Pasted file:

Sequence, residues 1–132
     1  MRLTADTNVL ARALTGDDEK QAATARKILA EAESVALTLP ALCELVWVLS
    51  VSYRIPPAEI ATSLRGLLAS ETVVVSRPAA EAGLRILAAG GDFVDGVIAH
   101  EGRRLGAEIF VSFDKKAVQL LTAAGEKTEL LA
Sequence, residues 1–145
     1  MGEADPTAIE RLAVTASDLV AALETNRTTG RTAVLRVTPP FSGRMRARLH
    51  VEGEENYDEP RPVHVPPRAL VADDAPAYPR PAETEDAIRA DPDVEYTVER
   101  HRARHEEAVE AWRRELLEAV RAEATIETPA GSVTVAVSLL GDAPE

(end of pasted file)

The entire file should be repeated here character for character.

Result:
Sequence, residues 1–132
     1  MRLTADTNVL ARALTGDDEK QAATARKILA EAESVALTLP ALCELVWVLS
    51  VSYRIPPAEI ATSLRGLLAS ETVVVSRPAA EAGLRILAAG GDFVDGVIAH
   101  EGRRLGAEIF VSFDKKAVQL LTAAGEKTEL LA
Sequence, residues 1–145
     1  MGEADPTAIE RLAVTASDLV AALETNRTTG RTAVLRVTPP FSGRMRARLH
    51  VEGEENYDEP RPVHVPPRAL VADDAPAYPR PAETEDAIRA DPDVEYTVER
   101  HRARHEEAVE AWRRELLEAV RAEATIETPA GSVTVAVSLL GDAPE